H E L P!
A father with two children (Photo: ShutterStock)
If you are parents of children, here is a fact that will certainly not surprise you: parents, and especially parents of young children these days, often experience fatigue, stress, frustration and burnout.
Recent studies, conducted following the corona crisis, indicate that over two-thirds of working parents report symptoms of "parental burnout".
And the truth is, we don't lack good reasons for this.
With or without Corona, the reality we live in presents us, the parents, with a host of challenges and complexities.
Among them: long working hours, the need to balance between parenthood and career, the (unrealistic) ambition to fulfill the "perfect parenting" model, as it is presented in social media and a lack of available support circles.
Add to all these behavioral difficulties, related to the age characteristics or personal tendencies of your child, and you will get an (almost) sure recipe for a 'parental pressure cooker'.
The problem with parental burnout is that in the long run it can harm us and our children.
It is harmful to us because it harms our health and mental well-being.
It is also harmful to our children, because despite our good intentions, when we are busy and stressed - we are less available to them emotionally and tend to be more reactive.
Which in turn could damage our relationship with them and escalate behavior problems.
get out of the situation
So what can be done to get out of the parental 'pressure cooker' and return the house (and ourselves) to balance and sanity?
Here are a few practical and research-based approaches and tools that you should really get to know.
When you are tired and exhausted, the children pay a price.
Many parents (Photo: ShutterStock)
It may be a cliché, but definitely one that works.
When we are tense and stressed, the first system that is affected is the respiratory system.
A daily practice, in which we stop from time to time, breathe and focus our attention on breathing - can help us greatly to calm down and regulate both the physical and mental systems, to be more present in the 'here and now' and to be a little less impulsive and reactive towards our loved ones.
This approach, which originates in the distant realms of Buddhism, has gained momentum and much sympathy in recent years.
It is a mental practice, focused on directing curious, intentional and non-judgmental attention to what is happening to us in the present moment.
A daily practice of mindfulness can help us regulate our emotions and observe them from the side, without getting carried away or mixed up in them.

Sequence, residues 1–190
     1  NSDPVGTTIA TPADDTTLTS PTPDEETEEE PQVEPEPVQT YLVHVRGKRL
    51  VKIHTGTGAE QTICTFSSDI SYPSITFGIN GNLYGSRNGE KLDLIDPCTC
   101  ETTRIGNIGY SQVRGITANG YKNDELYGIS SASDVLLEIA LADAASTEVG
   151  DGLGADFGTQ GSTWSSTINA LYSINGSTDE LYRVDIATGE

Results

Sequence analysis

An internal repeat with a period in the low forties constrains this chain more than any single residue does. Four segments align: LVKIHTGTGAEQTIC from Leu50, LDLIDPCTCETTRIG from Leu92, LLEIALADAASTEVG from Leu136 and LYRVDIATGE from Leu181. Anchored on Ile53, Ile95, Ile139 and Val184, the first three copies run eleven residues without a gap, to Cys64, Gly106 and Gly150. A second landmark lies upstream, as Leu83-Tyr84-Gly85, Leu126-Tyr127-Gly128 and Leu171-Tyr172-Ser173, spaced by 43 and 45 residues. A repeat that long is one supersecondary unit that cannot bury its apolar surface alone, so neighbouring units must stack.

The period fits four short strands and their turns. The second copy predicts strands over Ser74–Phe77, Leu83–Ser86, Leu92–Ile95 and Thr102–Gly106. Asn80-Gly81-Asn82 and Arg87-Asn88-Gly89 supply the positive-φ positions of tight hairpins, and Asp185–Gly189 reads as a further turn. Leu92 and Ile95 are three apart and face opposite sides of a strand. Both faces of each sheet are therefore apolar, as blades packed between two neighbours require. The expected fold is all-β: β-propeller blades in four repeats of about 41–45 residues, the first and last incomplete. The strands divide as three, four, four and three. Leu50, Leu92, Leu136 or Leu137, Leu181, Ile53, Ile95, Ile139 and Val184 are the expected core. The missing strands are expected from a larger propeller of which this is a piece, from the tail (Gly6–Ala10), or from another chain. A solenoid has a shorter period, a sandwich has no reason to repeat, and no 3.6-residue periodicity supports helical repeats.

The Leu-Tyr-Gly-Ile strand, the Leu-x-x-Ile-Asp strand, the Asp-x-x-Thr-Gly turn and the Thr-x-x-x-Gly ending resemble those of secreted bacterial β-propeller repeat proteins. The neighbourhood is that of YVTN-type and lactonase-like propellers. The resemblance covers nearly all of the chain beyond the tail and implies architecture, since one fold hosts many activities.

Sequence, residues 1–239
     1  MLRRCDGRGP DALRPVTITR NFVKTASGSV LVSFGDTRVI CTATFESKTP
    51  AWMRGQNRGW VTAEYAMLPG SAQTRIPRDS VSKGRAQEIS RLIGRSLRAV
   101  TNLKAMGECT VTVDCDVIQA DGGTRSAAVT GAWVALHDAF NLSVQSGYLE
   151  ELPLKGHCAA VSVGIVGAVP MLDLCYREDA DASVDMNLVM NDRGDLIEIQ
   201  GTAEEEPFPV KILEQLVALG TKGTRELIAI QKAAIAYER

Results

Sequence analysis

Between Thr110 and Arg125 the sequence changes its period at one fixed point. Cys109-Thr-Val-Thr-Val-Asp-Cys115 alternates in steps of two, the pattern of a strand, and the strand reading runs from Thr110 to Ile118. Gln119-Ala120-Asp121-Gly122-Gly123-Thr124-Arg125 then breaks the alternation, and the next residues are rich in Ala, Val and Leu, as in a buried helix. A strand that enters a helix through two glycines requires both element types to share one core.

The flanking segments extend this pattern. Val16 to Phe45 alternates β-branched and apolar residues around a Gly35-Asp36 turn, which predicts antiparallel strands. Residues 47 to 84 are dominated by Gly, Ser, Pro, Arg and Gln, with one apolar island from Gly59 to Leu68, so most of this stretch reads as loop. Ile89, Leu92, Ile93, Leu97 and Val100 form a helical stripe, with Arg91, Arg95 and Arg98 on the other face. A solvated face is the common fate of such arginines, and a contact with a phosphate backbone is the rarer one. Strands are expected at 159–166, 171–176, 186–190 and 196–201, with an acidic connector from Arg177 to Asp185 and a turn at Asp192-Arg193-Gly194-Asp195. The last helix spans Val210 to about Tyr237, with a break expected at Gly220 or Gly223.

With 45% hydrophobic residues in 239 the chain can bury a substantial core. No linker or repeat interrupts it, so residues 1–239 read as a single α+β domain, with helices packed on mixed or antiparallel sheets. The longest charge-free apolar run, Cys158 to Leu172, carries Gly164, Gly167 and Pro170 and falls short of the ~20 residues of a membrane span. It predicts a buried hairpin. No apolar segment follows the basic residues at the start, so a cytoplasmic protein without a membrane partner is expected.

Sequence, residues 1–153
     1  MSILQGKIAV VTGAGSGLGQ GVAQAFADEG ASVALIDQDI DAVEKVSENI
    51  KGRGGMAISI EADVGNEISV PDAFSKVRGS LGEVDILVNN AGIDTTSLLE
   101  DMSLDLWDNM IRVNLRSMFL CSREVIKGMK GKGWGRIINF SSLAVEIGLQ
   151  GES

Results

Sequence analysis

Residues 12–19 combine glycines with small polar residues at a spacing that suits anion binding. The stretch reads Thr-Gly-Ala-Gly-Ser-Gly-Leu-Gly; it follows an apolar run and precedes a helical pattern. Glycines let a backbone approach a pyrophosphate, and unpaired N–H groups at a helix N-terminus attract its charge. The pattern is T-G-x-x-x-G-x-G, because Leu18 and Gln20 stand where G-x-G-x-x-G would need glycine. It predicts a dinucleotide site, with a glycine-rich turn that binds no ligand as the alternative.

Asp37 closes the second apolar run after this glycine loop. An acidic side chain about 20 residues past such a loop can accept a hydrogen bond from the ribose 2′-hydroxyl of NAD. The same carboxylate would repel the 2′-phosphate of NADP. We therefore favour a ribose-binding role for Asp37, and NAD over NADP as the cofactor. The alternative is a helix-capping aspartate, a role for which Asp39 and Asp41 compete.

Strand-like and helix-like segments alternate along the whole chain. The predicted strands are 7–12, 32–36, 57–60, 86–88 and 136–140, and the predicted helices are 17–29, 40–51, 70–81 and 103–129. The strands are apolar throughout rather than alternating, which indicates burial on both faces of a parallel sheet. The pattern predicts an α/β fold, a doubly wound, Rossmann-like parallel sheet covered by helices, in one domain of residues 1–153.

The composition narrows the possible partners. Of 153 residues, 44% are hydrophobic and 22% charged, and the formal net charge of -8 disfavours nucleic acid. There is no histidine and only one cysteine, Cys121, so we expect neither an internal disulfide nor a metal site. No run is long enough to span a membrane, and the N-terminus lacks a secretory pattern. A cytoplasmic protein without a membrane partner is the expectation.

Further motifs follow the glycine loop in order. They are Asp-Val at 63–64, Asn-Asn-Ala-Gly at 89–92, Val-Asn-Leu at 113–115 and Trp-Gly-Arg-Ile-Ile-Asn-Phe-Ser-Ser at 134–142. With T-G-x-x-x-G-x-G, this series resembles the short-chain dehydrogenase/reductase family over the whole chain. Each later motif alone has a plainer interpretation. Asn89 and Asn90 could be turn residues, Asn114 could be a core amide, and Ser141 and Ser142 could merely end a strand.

Many studies indicate the effectiveness of the approach to strengthening our mental resilience, health, functioning and relationships.
Yes yes, even those with our children.
Another approach that has gained widespread sympathy among professionals in recent years is the approach of conscious self-compassion (Mindful Self-Compassion).
This approach teaches us to observe ourselves with more kindness, friendliness and compassion and to reduce criticism and self-judgment.
Just as we would treat another loved one in times of need (an example of compassionate self-talk: "Yes, I'm tired, irritable and my child is driving me crazy right now. But that's okay, I'm only human. I'll make myself a cup of tea to relax a little").
The groundbreaking research of the psychologist Dr. Kristin Neff indeed confirms that the practice of conscious self-compassion in everyday life leads to the cultivation of mental resilience, to a decrease in stress levels and to the improvement of our relationships.
Reducing unnecessary 'services':
It turns out that in many cases we tend to do much more for our children than what they really need (for example: dressing our little boy in the morning, at a stage when he is already able to do it himself).
This tendency, which has good intentions at its core, may increase our feeling of fatigue and burnout and in the long run - also strengthen the degree of dependence of our children on us.
Pay attention, which unnecessary services are you providing to your children and which daily tasks can they already complete on their own?
Reducing unnecessary 'services' will reduce the burden placed on your shoulders and at the same time - will develop your children's sense of competence and independence.
time for ourselves:
In an era of multiple roles and tasks in our lives, parenting young children can be a particularly difficult and demanding job.
In this crazy race of life, it's important that we don't forget to stop for a moment, take a break and make time for things that can recharge our batteries (for example: rest, drinking a cup of coffee at ease, reading a book, taking a light walk outside or listening to your favorite music).
When our 'tank' is full, it is much easier for us to free up and give to our children.
Connections and support:
There is almost no parent today who has not heard the saying that "it takes a whole village to raise a child".
Parenting these days is especially difficult and challenging when we don't have enough support circles available.
In busy and stressful times, make sure you are not left alone with the difficulty.
Chat and share with your partner, friends or extended family.
Ask for concrete help, when needed (such as: helping with the housework or looking after the children).
And finally - don't be ashamed to seek professional advice when necessary.
Ayelet Shurer Mamlok is an attorney (AM), a certified parent counselor, with a specialization in early childhood. She specializes in 'breathing parentage' - coaching busy parents with toddlers.